Results and discussion
Methods outlined in Quattro and Jones  were used to identify unique amino acid residues shared among ALD-B that differed from ALD-A and ALD-C. Sequences identified as ALD-B are characterized by a cysteine residue (position 143 in the Sparus sequence) not found in ALD-A or ALD-C (Fig. 1A). Similarly, all ALD-B sequences contain a cysteine residue at position 158 that is occupied by a threonine in ALD-A and ALD-C (Fig. 1A). Primers were designed with these diagnostic amino acid positions at the 3' terminus (Fig. 2):
AldBF: 5' – TGC GCC CAG TAC AAG AAG GAC GGT TG – 3'
AldBF2: 5' – CTC AAG ATC TCG GAC GGC TG – 3'
AldBF and AldBF2 were paired with the original Ald2-3' oligonucleotide  to target the 'G' intron of the Ald-B locus. DNA amplifications were tried from a variety of acanthopterygian fishes using the PCR conditions described above. Amplifications with the AldBF or AldBF2 primer were often in quantities insufficient for direct sequencing; re-amplifications were performed with small aliquots (1 μl of a 1/200 dilution) of the AldBF/Ald2-3' PCR products, AldBF2/Ald2-3' oligonucleotides, and annealing temperatures of 54°C to 60°C. Single amplification products were observed in all atherinomorph (Gambusia holbrooki, Fundulus heteroclitus, Cyprinodon variegatus, Poeciliopsis lucida) and percomorph (Astronotus ocellatus, Cichlasoma octofasciatum, E. evergladei, Etheostoma saludae, M. americana, M. saxatilis, Paralichthys dentatus) taxa examined (Fig. 1A). Individual PCR products were sequenced following the method of Salminen  and translated into protein to determine orthology. We conclude that amplifications were specific for the Ald-B locus based on the following evidence:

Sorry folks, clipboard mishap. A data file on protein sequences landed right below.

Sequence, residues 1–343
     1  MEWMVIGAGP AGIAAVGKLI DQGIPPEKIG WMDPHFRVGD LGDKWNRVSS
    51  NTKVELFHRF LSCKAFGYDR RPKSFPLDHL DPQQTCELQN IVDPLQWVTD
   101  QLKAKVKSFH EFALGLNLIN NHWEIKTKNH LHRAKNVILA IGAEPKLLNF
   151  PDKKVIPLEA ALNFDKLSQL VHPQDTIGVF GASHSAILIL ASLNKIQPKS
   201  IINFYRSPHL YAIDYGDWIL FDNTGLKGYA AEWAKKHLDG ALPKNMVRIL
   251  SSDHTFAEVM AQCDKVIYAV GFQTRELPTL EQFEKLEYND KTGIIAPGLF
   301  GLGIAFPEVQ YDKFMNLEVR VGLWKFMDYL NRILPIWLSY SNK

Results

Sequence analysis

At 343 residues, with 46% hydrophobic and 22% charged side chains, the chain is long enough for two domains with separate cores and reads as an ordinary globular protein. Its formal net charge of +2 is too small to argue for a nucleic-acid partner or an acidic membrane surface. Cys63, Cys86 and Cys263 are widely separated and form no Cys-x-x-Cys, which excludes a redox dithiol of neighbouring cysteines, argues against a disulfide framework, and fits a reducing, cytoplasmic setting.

1. The AldBF and AldBF2 primers were designed so that locus-specific nucleotides occupied the extreme 3' portions of the oligonucleotide, thus these primers should be highly specialized for the Ald-B locus.